Before the review, the staff and management of Puahue Playcentre completed an ERO Centre Assurance Statement and Self-Audit Checklist. In these documents they attested that they have taken all reasonable steps to meet their legal obligations related to:

  • curriculum
  • premises and facilities
  • health and safety practices
  • governance, management and administration.

During the review, ERO looked at the service’s systems for managing the following areas that have a potentially high impact on children's wellbeing:

  • emotional safety (including positive guidance and child protection)

  • physical safety (including supervision; sleep procedures; accidents; medication; hygiene; excursion policies and procedures)

  • suitable staffing (including qualification levels; police vetting; teacher registration; ratios)

  • evacuation procedures and practices for fire and earthquake.

All early childhood services are required to promote children's health and safety and to regularly review their compliance with legal requirements.

Next ERO Review

When is ERO likely to review the service again?

The next ERO review of Puahue Playcentre will be in three years.

Lynda Pura-Watson

Deputy Chief Review Officer Waikato/Bay of Plenty

5 September 2016

The Purpose of ERO Reports

The Education Review Office (ERO) is the government department that, as part of its work, reviews early childhood services throughout Aotearoa New Zealand. ERO’s reports provide information for parents and communities about each service’s strengths and next steps for development. ERO’s bicultural evaluation framework Ngā Pou Here is described in SECTION 3 of this report. Early childhood services are partners in the review process and are expected to make use of the review findings to enhance children's wellbeing and learning.

2 Information about the Early Childhood Service

Location

Puahue, Te Awamutu

Ministry of Education profile number

31009

Licence type

Playcentre

Licensed under

Education (Early Childhood Services) Regulations 2008

Number licensed for

25 children, including up to 15 aged under 2

Service roll

17

Gender composition

Girls 9 Boys 8

Ethnic composition

Māori Pākehā

2 15

Review team on site

July 2016

Date of this report

5 September 2016

Most recent ERO report(s)

 

Education Review

February 2013

Education Review

February 2010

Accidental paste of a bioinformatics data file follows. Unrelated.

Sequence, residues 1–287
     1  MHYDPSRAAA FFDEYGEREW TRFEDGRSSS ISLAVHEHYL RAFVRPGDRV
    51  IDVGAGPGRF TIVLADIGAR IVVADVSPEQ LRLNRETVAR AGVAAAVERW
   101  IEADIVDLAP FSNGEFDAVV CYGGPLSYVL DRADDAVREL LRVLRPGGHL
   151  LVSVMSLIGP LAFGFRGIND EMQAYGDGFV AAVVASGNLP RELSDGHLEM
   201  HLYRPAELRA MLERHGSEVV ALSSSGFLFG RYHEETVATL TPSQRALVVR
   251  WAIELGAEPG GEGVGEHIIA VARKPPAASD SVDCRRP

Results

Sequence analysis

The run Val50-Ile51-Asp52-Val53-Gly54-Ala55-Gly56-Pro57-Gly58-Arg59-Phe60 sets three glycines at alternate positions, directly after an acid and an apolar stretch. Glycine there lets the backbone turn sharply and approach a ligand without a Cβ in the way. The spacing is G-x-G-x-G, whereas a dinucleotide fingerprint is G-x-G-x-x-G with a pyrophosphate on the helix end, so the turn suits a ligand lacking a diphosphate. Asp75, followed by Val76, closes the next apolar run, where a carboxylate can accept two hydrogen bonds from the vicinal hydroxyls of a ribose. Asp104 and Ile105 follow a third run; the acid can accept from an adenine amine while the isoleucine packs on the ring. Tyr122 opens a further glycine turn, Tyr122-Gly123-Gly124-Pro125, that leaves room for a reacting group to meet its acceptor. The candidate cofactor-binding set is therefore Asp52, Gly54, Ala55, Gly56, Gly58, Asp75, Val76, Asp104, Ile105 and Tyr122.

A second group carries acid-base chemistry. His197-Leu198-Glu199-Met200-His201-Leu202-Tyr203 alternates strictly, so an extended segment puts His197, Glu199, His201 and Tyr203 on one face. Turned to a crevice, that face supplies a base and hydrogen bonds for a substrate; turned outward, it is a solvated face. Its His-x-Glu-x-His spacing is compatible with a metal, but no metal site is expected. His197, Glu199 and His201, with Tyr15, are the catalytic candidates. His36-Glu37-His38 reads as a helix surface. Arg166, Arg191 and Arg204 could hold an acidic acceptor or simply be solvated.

Education Review

February 2007

3 General Information about Early Childhood Reviews

ERO’s Evaluation Framework

ERO’s overarching question for an early childhood education review is ‘How well placed is this service to promote positive learning outcomes for children?’ ERO focuses on the following factors as described in the bicultural framework Ngā Pou Here:

Pou Whakahaere – how the service determines its vision, philosophy and direction to ensure positive outcomes for children

Pou Ārahi – how leadership is enacted to enhance positive outcomes for children

Mātauranga – whose knowledge is valued and how the curriculum is designed to achieve positive outcomes for children

Tikanga whakaako – how approaches to teaching and learning respond to diversity and support positive outcomes for children.

Within these areas ERO considers the effectiveness of arotake – self review and of whanaungatanga – partnerships with parents and whānau.

ERO evaluates how well placed a service is to sustain good practice and make ongoing improvements for the benefit of all children at the service.

A focus for the government is that all children, especially priority learners, have an opportunity to benefit from quality early childhood education. ERO will report on how well each service promotes positive outcomes for all children, with a focus on children who are Māori, Pacific, have diverse needs, and are up to the age of two.

For more information about the framework and Ngā Pou Here refer to ERO’s Approach to Review in Early Childhood Services.

ERO’s Overall Judgement and Next Review

The overall judgement that ERO makes and the timing of the next review will depend on how well placed a service is to promote positive learning outcomes for children. The categories are:

  • Very well placed – The next ERO review in four years
  • Well placed – The next ERO review in three years
  • Requires further development – The next ERO review within two years
  • Not well placed - The next ERO review in consultation with the Ministry of Education

ERO has developed criteria for each category. These are available on ERO’s website.

Review Coverage

ERO reviews are tailored to each service’s context and performance, within the overarching review framework. The aim is to provide information on aspects that are central to positive outcomes for children and useful to the service.